How Big Should My Bunny's Cage Be?
When getting a cage for your bunny, it is important to remember that the cage needs to accommodate the size that the rabbit will grow to, not necessarily the size that the bunny is at the time you buy the cage. There are different rules for different cages, but the main deciding factor in cage size is whether your bunny is going to be an indoor bunny or an outdoor bunny. It is recommended that your bunny is an indoor bunny, because, like cats, bunnies are much happier, more friendly, and develop more personality when they live inside than outdoor rabbits do. Outdoor rabbits tend to become quite frightened and skittish, not allowing themselves to be petted or touched, and normally die a great deal earlier than house rabbits.
Indoor rabbits can be house trained, and so can be let out to run about at supervised times. This means that their cages need not be as big as outdoor bunnies, which need large amounts of space to be happy. An indoor bunny cage should be large enough for your bunny to lay down in comfortably, with a corner to spare for droppings, and a space for food. Because your bunny will get lots of exercise when it is out, and mostly use the cage for sleeping, it does not need to be all that large, though it should not be cramped either. Ensure that your bunny has more than enough room to flop and do a big bunny stretch out along the side of the cage.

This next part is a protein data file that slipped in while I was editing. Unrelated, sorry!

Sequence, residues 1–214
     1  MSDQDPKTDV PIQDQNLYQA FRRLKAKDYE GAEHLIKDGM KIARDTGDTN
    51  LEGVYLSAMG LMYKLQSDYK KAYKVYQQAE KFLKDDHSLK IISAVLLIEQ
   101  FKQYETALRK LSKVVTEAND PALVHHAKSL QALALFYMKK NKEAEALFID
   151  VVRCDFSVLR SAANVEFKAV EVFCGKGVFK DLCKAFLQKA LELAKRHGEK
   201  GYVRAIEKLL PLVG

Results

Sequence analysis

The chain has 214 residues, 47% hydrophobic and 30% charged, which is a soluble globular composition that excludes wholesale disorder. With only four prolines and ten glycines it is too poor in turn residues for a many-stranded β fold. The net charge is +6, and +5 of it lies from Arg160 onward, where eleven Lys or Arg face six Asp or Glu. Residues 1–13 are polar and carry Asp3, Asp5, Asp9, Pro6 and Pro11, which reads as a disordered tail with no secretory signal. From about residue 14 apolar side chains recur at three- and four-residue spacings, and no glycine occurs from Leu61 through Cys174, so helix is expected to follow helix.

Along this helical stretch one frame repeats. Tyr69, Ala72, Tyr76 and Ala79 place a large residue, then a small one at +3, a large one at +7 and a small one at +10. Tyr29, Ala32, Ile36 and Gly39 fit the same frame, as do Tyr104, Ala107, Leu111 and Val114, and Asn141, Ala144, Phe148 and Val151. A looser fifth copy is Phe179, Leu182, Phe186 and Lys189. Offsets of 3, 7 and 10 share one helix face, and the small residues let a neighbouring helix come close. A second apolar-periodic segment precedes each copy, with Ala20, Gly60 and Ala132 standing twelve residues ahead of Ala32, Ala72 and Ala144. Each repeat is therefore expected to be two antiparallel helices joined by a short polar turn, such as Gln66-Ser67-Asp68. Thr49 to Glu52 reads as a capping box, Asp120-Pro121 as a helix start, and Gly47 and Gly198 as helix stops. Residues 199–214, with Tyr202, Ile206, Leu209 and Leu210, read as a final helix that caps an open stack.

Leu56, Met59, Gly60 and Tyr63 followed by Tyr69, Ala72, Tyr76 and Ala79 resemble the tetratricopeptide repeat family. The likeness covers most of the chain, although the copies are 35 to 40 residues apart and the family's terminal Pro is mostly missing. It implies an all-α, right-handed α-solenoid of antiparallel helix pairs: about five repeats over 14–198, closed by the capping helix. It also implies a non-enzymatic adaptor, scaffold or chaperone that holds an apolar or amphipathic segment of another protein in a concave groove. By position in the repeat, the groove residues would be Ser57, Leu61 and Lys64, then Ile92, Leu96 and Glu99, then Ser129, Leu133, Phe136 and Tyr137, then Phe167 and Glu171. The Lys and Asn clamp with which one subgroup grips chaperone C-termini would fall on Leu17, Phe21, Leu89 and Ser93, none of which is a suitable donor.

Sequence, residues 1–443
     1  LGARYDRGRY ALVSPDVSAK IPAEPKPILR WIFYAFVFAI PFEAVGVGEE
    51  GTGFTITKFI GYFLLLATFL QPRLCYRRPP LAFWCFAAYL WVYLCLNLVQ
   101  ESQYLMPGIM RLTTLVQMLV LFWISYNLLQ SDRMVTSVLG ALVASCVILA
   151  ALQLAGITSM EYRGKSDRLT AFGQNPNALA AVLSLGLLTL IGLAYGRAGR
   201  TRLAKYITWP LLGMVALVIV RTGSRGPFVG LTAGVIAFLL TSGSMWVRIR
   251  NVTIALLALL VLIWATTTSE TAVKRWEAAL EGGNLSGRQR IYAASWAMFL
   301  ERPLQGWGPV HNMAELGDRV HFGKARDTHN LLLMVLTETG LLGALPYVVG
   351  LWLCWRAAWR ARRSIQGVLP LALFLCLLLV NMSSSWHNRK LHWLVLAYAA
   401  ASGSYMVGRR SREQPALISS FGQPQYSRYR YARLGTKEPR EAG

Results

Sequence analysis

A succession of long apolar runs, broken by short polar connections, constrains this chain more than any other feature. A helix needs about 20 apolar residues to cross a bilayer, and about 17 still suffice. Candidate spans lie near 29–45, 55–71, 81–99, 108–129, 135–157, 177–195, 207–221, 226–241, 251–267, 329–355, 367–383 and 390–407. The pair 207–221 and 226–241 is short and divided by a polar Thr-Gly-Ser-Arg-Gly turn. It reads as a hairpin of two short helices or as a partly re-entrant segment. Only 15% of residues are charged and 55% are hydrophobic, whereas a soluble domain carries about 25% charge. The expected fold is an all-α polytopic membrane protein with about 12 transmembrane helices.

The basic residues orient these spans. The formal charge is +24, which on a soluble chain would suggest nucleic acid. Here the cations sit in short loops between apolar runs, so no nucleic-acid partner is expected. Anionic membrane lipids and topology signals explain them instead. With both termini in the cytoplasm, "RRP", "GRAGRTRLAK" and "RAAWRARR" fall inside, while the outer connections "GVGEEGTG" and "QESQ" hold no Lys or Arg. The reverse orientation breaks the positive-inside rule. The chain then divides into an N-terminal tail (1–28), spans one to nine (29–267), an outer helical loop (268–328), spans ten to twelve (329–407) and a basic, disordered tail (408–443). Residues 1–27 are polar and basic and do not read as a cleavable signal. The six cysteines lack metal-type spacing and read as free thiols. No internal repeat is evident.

Outdoor rabbits are often kept in small hutches. If you plan to keep your rabbit in one of these, please do not get a rabbit. Not only are you depriving it of company by leaving it outside, but you are also depriving it of room to move and frolic. Rabbits love to run and play, and yes, to jump. If you must keep your bunnies outdoors, then make sure that the cage and run has enough room for them to be able to jump upwards around two feet, and enough room lengthwise to get a good bunny sprint on, at least five feet long by five feet wide, and preferably larger. Yes there are a great many tiny rabbit hutches and cages sold on the market, but these are sold by people who know next to nothing about proper rabbit care, and probably don't give a damn either, they are only after your money, and pay little regard to the pet's welfare.
I have an outdoor cage for my own bunny, but she lives indoors most of the time, and the cage is only used to give her a spot of fresh air outside on occasion. The cage is three feet high and has a floor space of around 15 square feet. This would still be too small to keep her in all the time.
Think of your bunny's health and happiness when it comes to buying a cage, and if this all seems like too much of a hassle, then get a goldfish.
This article is accurate and true to the best of the author’s knowledge. It is not meant to substitute for diagnosis, prognosis, treatment, prescription, or formal and individualized advice from a veterinary medical professional. Animals exhibiting signs and symptoms of distress should be seen by a veterinarian immediately.